Following our experiment last year with sowing fertility building leys together with a nurse crop of buckwheat, we took the same approach again. Buckwheat acts as a quick growing and leafy cover and while the ley establishes beneath it, the buckwheat helps to retain moisture and offers shelter from the summer sun. This is important on our south facing, free draining, dry soils. However, we reduced the buckwheat to 10 kilos per acre this year as it was a bit too thick last year at 20 kilos per acre. The buckwheat was drilled to 1.5 cm and in a separate pass, the ley mix was broadcast and harrowed with a consolidating flat roller to finish.We also established cash crops. Spring wheat was sown at the end of April, undersown with yellow trefoil and white clover to improve fertility and provide grazing once the crop was combined in the autumn.
The other cash crop we’d grown was spring oats. We originally experimented with direct drilling into last year’s yellow trefoil and white clover that was left in place over the winter. The yellow trefoil and white clover was grazed tightly and oats direct drilled with the Aitchison drill at a rate of 250 kilos per hectare in mid April. But the lack of rain caused havoc. With a year‘s growth under its belt the deep rooting and drought tolerant yellow trefoil and white clover grew back far more strongly than anticipated and swamped out the oats. So several weeks later, and with only a handful of gallant oat plants soldiering on, the decision was taken to plough the field and resow from scratch. The oats started to look great.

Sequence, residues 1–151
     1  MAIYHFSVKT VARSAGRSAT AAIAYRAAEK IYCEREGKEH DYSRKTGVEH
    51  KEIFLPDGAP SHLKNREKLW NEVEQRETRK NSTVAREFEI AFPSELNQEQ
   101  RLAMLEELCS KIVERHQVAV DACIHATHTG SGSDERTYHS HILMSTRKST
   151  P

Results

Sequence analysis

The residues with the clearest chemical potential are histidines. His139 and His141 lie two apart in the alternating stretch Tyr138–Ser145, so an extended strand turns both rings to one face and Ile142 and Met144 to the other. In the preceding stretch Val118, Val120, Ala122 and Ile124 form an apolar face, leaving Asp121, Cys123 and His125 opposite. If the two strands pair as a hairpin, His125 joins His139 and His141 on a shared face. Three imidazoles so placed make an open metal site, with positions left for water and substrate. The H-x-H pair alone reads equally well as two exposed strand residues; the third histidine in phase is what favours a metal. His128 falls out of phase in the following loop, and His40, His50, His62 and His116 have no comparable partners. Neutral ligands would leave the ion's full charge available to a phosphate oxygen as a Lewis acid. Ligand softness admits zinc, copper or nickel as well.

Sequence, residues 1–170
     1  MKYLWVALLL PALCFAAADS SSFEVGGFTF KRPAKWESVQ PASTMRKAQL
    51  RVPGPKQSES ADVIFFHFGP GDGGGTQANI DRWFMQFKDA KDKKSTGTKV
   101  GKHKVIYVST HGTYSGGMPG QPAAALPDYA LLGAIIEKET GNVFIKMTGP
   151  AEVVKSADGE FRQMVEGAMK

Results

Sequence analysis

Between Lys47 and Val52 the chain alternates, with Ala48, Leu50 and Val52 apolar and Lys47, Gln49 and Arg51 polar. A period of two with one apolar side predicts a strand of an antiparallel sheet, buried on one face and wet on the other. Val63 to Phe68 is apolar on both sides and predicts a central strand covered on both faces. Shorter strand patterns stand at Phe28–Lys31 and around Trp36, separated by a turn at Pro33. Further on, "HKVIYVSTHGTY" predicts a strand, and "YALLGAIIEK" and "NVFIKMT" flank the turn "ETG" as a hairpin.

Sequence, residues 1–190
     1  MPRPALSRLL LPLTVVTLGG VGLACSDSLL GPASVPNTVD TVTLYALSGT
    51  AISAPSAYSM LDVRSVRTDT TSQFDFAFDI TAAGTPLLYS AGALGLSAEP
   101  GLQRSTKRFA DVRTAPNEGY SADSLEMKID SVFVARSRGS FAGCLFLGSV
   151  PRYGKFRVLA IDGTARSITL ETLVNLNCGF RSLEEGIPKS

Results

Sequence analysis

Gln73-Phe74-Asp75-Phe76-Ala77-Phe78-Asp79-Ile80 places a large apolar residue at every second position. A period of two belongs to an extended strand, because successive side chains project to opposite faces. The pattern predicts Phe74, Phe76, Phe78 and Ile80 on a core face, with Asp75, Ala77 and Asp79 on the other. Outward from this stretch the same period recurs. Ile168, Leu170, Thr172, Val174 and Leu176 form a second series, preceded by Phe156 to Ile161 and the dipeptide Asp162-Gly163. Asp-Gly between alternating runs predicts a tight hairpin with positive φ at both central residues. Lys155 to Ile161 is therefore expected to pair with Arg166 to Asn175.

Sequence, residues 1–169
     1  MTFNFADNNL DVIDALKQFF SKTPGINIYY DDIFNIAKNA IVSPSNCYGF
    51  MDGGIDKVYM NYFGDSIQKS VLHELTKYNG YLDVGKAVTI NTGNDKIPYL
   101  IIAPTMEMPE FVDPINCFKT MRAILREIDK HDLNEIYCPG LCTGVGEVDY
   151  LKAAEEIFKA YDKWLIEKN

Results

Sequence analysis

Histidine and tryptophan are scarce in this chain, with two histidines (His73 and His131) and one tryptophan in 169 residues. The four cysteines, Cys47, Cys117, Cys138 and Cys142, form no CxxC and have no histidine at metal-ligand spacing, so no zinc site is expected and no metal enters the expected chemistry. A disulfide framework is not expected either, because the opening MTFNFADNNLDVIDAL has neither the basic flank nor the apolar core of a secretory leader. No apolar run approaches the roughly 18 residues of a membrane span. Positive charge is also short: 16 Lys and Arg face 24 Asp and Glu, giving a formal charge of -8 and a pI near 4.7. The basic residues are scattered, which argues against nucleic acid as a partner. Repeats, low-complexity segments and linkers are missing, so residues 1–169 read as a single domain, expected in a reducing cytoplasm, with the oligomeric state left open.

Ryegrass and vetch was sown last autumn, direct drilled into last year’s oats stubble. It provided useful early grazing this spring for sheep. It was ploughed in March and a field scale bird food mixture was established. The dry weather had again taken its toll and the crop was thin. Weeds were present and we had to decide whether to leave the crop in or sow again. Much depended on how much rain was forecast.
The wildflower margins, were in their third year, running in 12 metre strips around each field. We started seeing a noticeable change in the balance of species present, from early pioneer species in the first couple of years, such as oxeye daisy and wild carrot, to the species that have taken longer to establish, like field scabious, musk mallow and meadow buttercup. They were creating a great habitat for pollinators, insects, hares and ground nesting bird species.
A fourth annual breeding bird survey was carried out in April-July 2017 and the report showed the farm gaining and holding onto more species than ever before - the species diversity has increased by an impressive 46% since the first year of survey (2014).
At least 35 species were resident on the farm and were territorial and breeding or had probably attempted to do so. This compared to 29 species in 2016, 30 in 2015 and 24 in 2015, giving a 46% increase in the species diversity in the three years since the first survey.